Laura Unshackled

Telemundo's Laura, a confounding combination of syndication's combustive talk show Jerry Springer and the feel-good Oprah Winfrey, next month becomes the first Spanish-language television series to be released on video-on-demand and pay-per-view. A DVD release may follow later this year.

Laura features frank talk on women's issues, like Oprah does. And when host Laura Bozzo brings on guests, she is often witness to heated arguments that turn into wild, Springer-style fights.

Four uncensored versions of Laura are set to be released on VOD and PPV, with Laura Sin Censura (Laura Uncensored) coming out July 1. A second installment is set for September, while the remaining two will likely come out next year. (Springer also sold “uncensored' videos.)

The videos are produced by NBC Universal's Telemundo and shot in Peru, in the studio where Bozzo lives. There is quite a backstory there, too, but here the comparison is to Martha Stewart: Bozzo has been working while under house arrest since 2002 for accepting money from a suitor who prosecutors say swiped the loot from the Peruvian government. She is expected to be released next month.

Airing on Telemundo since shortly before NBC acquired the network in 2001, Laura this year averages about 1.1 million viewers in its 4 p.m. time slot, according to the network, with a 3.5 rating among Hispanic women 18-49. It is consistently Telemundo's highest-rated talk show.

Strong ratings partly explain Laura's release on VOD and PPV, says NBC Universal Cable VP of Marketing Lynette Pinto. But so do the antics of Laura's guests, who are as likely to be taking swings at each other and shouting expletives (bleeped by the network) as they are to be sobbing in their seats.

Laura is one of the top-rated shows on the Telemundo network and obviously lends itself to an uncensored version,” explains Pinto.

Telemundo is plunging into an untested area—a Spanish-language talk show on VOD and PPV—but Pinto is confident there is a market. After all, Universal's (before NBC bought it) Jerry Springer: Uncensored and Spanish-language movies and sports have done well in pay formats.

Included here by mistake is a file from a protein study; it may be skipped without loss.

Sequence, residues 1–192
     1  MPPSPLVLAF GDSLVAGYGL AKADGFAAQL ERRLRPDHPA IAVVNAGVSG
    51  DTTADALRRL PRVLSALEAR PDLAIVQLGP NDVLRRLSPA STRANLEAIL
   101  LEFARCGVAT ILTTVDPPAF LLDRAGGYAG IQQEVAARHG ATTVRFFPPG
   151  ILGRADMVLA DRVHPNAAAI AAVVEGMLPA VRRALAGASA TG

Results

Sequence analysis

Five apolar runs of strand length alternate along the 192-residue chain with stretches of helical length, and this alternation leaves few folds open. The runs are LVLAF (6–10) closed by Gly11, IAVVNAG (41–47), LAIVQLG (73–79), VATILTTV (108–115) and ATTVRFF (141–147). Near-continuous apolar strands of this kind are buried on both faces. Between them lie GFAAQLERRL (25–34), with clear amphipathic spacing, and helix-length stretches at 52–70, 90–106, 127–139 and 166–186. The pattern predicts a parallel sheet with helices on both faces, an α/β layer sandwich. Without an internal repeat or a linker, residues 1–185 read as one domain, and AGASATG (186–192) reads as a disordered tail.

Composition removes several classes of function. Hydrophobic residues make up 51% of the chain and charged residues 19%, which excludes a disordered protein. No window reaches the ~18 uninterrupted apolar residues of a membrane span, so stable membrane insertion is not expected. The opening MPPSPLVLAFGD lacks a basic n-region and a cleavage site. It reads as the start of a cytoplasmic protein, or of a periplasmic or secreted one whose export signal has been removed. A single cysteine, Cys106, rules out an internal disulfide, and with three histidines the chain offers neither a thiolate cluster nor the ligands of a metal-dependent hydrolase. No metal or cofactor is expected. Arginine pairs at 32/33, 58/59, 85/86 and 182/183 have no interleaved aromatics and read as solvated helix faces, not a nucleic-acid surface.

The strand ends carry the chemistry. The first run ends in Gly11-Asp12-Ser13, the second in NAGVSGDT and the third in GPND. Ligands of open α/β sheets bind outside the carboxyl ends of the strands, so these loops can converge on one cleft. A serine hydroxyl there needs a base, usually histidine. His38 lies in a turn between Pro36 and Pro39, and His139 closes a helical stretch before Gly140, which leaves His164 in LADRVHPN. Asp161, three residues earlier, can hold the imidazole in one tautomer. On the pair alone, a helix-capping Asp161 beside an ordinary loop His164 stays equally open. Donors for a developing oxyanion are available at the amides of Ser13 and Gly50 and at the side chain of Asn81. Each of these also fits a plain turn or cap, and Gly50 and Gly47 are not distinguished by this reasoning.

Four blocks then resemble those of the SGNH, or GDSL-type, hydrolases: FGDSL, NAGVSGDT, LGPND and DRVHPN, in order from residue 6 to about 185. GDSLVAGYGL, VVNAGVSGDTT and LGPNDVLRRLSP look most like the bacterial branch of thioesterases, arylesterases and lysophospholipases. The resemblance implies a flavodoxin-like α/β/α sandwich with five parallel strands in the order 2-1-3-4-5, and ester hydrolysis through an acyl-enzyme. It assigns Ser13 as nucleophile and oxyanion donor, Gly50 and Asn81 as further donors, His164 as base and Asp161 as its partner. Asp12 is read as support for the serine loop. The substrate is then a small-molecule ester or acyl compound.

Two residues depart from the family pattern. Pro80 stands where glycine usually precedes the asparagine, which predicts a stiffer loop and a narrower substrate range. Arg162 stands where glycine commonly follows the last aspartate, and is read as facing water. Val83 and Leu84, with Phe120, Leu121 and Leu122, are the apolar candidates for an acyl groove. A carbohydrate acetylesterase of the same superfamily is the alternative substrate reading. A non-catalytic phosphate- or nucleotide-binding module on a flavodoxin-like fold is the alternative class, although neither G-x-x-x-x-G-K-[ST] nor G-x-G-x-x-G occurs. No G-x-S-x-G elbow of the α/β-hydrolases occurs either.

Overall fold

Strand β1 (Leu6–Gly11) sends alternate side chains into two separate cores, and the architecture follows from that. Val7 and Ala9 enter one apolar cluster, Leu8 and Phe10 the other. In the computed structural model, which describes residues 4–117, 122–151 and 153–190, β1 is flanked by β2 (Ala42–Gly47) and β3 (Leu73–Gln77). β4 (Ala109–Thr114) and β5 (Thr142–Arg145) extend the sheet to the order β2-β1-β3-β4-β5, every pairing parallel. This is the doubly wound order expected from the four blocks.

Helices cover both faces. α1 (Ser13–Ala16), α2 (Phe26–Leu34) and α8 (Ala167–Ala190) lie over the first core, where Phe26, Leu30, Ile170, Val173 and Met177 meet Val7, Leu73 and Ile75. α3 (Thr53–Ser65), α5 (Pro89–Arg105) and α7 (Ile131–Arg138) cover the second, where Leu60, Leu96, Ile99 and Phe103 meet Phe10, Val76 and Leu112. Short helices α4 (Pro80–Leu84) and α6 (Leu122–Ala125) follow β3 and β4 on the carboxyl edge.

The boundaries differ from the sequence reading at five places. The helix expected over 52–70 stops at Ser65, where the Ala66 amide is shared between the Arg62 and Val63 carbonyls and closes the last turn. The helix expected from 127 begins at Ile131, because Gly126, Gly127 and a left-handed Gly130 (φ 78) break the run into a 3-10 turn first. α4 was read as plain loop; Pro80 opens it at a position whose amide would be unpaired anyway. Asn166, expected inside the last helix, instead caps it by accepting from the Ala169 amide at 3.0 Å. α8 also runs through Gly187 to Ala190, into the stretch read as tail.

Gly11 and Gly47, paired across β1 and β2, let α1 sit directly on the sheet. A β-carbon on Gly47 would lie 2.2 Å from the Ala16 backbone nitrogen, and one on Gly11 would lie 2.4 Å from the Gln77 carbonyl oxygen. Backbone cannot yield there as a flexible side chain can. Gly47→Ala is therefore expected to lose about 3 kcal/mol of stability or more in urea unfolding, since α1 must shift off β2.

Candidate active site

“There are movies in Spanish on-demand and on pay-per-view,” Pinto says. “Boxing has done pay-per-view and on-demand among Hispanics for many years. It's had great success.”

Who Will Buy It?

“Our viewer and the Laura viewer tend to be Spanish-language or bilingual viewers. Therefore, they don't have a lot of crossover with the NBC network,” Pinto says. “We'll have promotions on her show and on other shows, and we'll be supporting it offline as well. We'll also have a presence on, with banner [ads] and e-mail blasts to people who have permissioned us to send information about our programs.”

Still, the Laura release on VOD and PPV does not guarantee that potential buyers will even have the opportunity to get the show's uncensored versions.

Hispanics are not as likely as the average viewer to have cable TV or the digital tiers needed to access VOD. Multichannel penetration, including cable TV and direct-broadcast satellite, is only 60% among Spanish-dominant households, according to a study released in May by Larchmont, N.Y.-based Horowitz Associates. That compares to 88% of non-Hispanic whites and 77% of African-American households. The Horowitz study was conducted among viewers living in urban areas.

And while digital penetration among Hispanic households is 50%, compared to 53% among all homes, it is only 43% in households where Spanish is the primary language. “While a show like Laura might have crossover appeal—and a lot of this programming does—obviously, its greatest appeal is the Spanish-dominant segment, which is the least likely to have these services,” says Adriana Waterston, Horowitz's director of marketing.

But Hispanics might be interested because of Bozzo's fame—and a good fight. After all, it worked for Springer.